They aren't just a whole lot cooler than 'FNX, 'BCN, and all the other top-40 alterna-drivel, these college stations aren't even allowed to broadcast commercials. From M.I.T. and Boston College respectively, these kids pump out a wild array of shows, often with scary bands like Neutral Milk Hotel and Slits.
Cambridge's Matthew Pearl has combined literary mystery with historical fiction in such best-selling novels as The Dante Club and Poe's Shadow. He recently released his fourth novel, The Technologists, a big, burly thrill ride of a book that takes readers back to 1860s Boston, where students in the inaugural class of MIT seek the cause behind a series of catastrophes in the city. MA matthewpearl.com.
When the MFA has an Alex Katz retro-spective, this Newbury Street gallery has the clout to run its own Katz portraiture show at the same time. Bold, courageous, and experimental, Krakow has brought Boston the finest contemporary works in every medium since 1964. Mixed in with the big names (Sol LeWitt, Chuck Close, and Tara Donovan) are exciting newcomers poised to break out onto both the local and national scenes. 10 Newbury St #5, Boston, MA 2116, barbarakrakowgallery.com.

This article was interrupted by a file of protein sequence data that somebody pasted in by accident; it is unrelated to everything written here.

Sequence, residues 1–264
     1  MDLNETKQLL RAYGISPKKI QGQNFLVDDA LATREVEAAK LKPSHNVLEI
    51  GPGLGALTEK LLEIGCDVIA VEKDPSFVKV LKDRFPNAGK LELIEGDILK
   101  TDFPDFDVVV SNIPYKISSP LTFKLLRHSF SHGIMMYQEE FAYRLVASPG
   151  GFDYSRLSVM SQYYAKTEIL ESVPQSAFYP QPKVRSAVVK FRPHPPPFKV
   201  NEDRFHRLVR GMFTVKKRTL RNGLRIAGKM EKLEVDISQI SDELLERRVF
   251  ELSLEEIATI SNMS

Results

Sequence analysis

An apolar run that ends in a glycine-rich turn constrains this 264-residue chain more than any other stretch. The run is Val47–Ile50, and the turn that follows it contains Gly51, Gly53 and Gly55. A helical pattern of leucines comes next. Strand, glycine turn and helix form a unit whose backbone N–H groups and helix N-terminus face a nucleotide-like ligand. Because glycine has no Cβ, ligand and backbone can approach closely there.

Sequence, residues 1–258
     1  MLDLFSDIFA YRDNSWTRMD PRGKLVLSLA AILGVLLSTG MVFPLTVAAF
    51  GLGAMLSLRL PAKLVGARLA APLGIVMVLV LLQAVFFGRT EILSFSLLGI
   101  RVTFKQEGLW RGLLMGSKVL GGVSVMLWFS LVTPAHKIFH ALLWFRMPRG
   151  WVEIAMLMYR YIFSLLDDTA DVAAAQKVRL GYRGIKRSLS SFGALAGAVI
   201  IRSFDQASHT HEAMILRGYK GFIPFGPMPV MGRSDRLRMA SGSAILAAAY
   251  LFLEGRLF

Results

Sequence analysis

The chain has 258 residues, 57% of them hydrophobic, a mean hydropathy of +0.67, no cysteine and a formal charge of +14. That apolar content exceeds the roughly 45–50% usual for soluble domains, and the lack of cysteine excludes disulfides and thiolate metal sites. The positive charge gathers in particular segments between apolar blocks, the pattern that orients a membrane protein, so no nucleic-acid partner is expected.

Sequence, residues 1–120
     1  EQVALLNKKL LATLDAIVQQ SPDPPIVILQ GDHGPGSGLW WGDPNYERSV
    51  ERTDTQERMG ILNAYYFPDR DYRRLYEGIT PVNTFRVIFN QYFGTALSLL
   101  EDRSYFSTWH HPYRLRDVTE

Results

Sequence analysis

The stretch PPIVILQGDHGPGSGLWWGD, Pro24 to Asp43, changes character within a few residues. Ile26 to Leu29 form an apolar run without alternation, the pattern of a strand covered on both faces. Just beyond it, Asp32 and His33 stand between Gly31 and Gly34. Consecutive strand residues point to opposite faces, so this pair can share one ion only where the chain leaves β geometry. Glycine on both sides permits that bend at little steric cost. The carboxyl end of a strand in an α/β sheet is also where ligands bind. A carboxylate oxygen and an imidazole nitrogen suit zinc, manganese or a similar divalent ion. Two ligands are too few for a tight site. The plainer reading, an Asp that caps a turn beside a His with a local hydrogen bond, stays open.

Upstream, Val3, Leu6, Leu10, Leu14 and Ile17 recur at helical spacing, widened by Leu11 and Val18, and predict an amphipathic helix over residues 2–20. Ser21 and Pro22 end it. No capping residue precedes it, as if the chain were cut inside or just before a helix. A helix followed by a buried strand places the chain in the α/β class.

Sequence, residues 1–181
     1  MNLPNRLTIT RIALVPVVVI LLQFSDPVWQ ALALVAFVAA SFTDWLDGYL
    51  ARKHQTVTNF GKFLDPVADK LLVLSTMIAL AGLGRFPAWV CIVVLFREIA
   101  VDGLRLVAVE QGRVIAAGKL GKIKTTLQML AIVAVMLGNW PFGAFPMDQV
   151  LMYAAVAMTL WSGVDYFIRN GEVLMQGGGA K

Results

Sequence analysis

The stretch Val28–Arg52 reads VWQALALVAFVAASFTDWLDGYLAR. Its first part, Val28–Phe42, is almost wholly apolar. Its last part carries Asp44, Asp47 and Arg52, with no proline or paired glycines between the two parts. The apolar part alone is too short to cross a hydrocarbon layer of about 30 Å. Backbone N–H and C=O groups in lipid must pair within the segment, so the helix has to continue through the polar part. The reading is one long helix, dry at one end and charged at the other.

There's a reason Cheryl Richards is our go-to wedding photographer (and frequent Best of Boston winner): She manages to be both unobtrusive and friendly as she preserves your memories in her signature photojournalistic style. You'll treasure her snapshots because, after all those long months of planning, the only things that last (other than the marriage, we hope) are the photographs. 224 Clarendon St., Boston, MA cherylrichards.com/.
The better story would have been that finally, in this, the year of the cow, one among the city's numerous new upscale meateries had managed to dethrone our 14-time of Boston stalwart. Nothing doing. Mooo inherited the Federalist's matchless wine list. KO Prime has the offal around. But for a prime, dry-aged rib-eye with a power client (downstairs) or a significant other (the more intimate upstairs), Grill 23 still rules the herd. 161 Berkeley Street, Boston, MA 2116, grill23.com.
Don't let the hairnets scare you: This Union Square joint is the closest you'll find to authentic Tex-Mex in Boston. It even saved one of our friends from moving back to the land of the Rio Grande. The red peppers and zucchini used for the veggie burros are grilled to a juicy crispness while you watch. Don't miss the fabulous homemade corn tortillas! 247 Washington Street, Somerville, MA cantinalamexicana.com.
Although the Globe Corner Bookstore no longer shares space with the home of Anne Hutchinson at Downtown Crossing, the remaining Cambridge and Boston stores will ably meet your escapist needs. Their comprehensive selection of travel books and mas can aid the adventurous on an exploration of everything from the Freedom Trail to the White Mountains to rural Mongolia. They also offer a decent selection of antique maps if there's a cartophile on your gift list. 28 Church St., Cambridge, MA .